"Israel served Eglon the king of Moab eighteen years" (Judges 3:14). During this period Israel was required to pay tribute regularly to the king of Moab, and there can be little doubt that many other circumstances of Moabite domination of Israel had produced widespread resentment and hatred of the Moabite oppressors.
EHUD AND HIS COMPANIONS DELIVER THE TRIBUTE
"But when the children of Israel cried unto Jehovah, Jehovah raised them up a saviour, Ehud the son of Gera, the Benjamite, a man lefthanded. And the children of Israel sent tribute by him unto Eglon the king of Moab. And Ehud made a sword which had two edges, a cubit in length; and he girded it under his raiment upon his right thigh. And he offered the tribute unto Eglon king of Moab: now Eglon was a very fat man. And when he had made an end of offering the tribute, he sent away the people that bare the tribute."
"Ehud ... the Benjamite, a man lefthanded" (Judges 3:15). "The last word here in the Hebrew is literally, `bound of his right hand,'" indicating that Ehud's right hand might have been crippled or injured. At any rate, it was "tied up" or "bound." However, Ehud was also, as were many of the Benjaminites, lefthanded (Judges 20:16). Dummelow interpreted the literal Hebrew here as, "Lamed in his right hand," but thought that, in the light of Judges 20:16, "Ambidexterity is all that is meant." Our own opinion is that both meanings are in the passage. Ehud was not merely left-handed (or ambidextrous) but he was also lamed or injured in his right hand, which on the occasion of his bringing the tribute was rendered totally useless by bandages. This, no doubt, greatly aided the deception necessary to enable the assassination of Eglon. As Soggin said, "Everything is in favor of a real physical defect of a kind that would seriously diminish the capability of a fighting man and make him seem to be harmless. This is the only way in which we can explain how Ehud could ever have been admitted into the presence of the king without any search or any precautionary measures."
"He sent away the people that bare the tribute" (Judges 3:18). This reveals that the rich tribute conveyed to Eglon was very substantial. As much of it must have been accumulated in silver and gold, and as it no doubt also included heavy stores of grain, fruits, cattle, and other materials, a group of men were required to carry it. Very likely, the king's bodyguard would have been very cautious and watchful as long as such a company of Israelites was present. By sending the "carriers" away, Ehud completely disarmed all suspicion of himself.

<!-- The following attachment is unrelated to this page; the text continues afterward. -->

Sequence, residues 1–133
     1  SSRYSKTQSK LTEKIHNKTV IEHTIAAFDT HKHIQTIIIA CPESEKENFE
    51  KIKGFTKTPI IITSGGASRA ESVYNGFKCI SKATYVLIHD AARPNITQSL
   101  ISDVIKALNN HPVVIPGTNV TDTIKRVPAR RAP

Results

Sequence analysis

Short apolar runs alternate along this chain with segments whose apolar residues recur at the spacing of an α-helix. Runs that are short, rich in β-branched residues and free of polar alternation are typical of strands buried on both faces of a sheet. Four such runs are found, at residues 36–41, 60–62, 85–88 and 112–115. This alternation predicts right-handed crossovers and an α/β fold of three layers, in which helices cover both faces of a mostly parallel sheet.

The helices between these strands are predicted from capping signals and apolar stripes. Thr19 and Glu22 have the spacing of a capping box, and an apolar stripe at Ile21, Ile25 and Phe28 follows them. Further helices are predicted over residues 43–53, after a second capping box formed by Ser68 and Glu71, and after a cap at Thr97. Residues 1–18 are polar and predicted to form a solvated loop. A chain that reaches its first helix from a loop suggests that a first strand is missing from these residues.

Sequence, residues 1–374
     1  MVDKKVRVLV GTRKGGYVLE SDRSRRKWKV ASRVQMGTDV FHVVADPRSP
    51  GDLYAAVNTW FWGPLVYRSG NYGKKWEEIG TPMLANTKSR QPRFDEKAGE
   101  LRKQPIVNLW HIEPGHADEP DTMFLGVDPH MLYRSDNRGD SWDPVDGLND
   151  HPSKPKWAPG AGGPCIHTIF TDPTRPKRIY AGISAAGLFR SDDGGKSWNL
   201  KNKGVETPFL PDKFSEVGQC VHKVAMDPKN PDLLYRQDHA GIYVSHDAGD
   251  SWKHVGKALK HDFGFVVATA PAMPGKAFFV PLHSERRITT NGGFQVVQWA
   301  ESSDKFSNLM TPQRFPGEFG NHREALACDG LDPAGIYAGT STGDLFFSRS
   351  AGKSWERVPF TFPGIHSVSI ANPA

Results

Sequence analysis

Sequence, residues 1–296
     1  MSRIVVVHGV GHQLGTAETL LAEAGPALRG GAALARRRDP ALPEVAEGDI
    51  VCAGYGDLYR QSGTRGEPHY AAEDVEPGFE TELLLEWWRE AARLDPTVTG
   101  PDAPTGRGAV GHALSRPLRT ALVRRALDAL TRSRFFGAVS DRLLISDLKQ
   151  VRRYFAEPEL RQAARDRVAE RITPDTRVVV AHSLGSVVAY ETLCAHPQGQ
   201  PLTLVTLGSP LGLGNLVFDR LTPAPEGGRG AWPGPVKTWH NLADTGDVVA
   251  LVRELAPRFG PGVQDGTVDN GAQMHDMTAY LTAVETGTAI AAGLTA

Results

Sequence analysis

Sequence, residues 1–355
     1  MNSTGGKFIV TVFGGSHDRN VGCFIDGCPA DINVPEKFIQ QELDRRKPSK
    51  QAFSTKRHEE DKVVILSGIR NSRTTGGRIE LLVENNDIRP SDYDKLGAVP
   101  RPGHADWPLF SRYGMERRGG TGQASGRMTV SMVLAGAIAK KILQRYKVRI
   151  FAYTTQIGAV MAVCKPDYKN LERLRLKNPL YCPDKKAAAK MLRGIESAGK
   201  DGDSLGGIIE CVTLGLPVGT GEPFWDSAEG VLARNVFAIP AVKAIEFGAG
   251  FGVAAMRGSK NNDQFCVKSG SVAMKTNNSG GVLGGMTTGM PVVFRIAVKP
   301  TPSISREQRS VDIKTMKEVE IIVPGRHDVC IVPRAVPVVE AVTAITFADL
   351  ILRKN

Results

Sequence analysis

That Ehud's murder of Eglon was premeditated and most skillfully planned is evident. The plan began with the making of a sword with no cross-member at the handle and with the concealment of such a deadly weapon upon his person.
"But he himself turned back from the quarries that were near Gilgal, and said, I have a secret errand unto thee, O king. And he said, Keep silence. And all that stood by him went out from him. And Ehud came unto him; and he was sitting by himself alone in the cool upper room. And Ehud said, I have a message from God unto thee. And he arose out of his seat. And Ehud put forth his left hand, and took the sword from his right thigh, and thrust it into his body; and the fat closed upon the blade, for he drew not the sword out of his body; and it came out behind."
"He ... turned back from the quarries near Gilgal" (Judges 3:19). Gilgal was located in two or three miles of the old Jericho, and this indicates that the headquarters of the king of Moab was in that vicinity.
"The quarries" (Judges 3:19). The Hebrew word here is, "Sculptured stones near Gilgal, meaning `graven images' or `carvings' - perhaps the figures carved on the standing stones from which Gilgal received its name." The same word is used again in Judges 3:26.
"Keep silence" (Judges 3:19). Bruce tells us that this is "An onomatopoeic word," that is, a word based upon its resemblance to some sound, such as `bow wow,' `splash' or `bang.' In this light, the word here was probably something like, "Shhhush," a word which the king's valets interpreted as requiring them to withdraw from his presence.
"And he arose out of his seat" (Judges 3:20). "This is supposed to be a sign of reverence because of the Divine oracle he expected to receive.
"And it came out behind" (Judges 3:22). Dummelow affirmed that, "No meaning can be obtained from the Hebrew words so rendered." The guesses that have been suggested are that: (1) it refers to an anal discharge; (2) that it means the sword penetrated even through the king's back; or (3) that the sword penetrated the intestines and that the discharge came through the opening by the sword. One of the key words here is not found anywhere else. "The most plausible suggestion is that the sword passed through the abdomen and projected through his body. It (the sword) came out behind."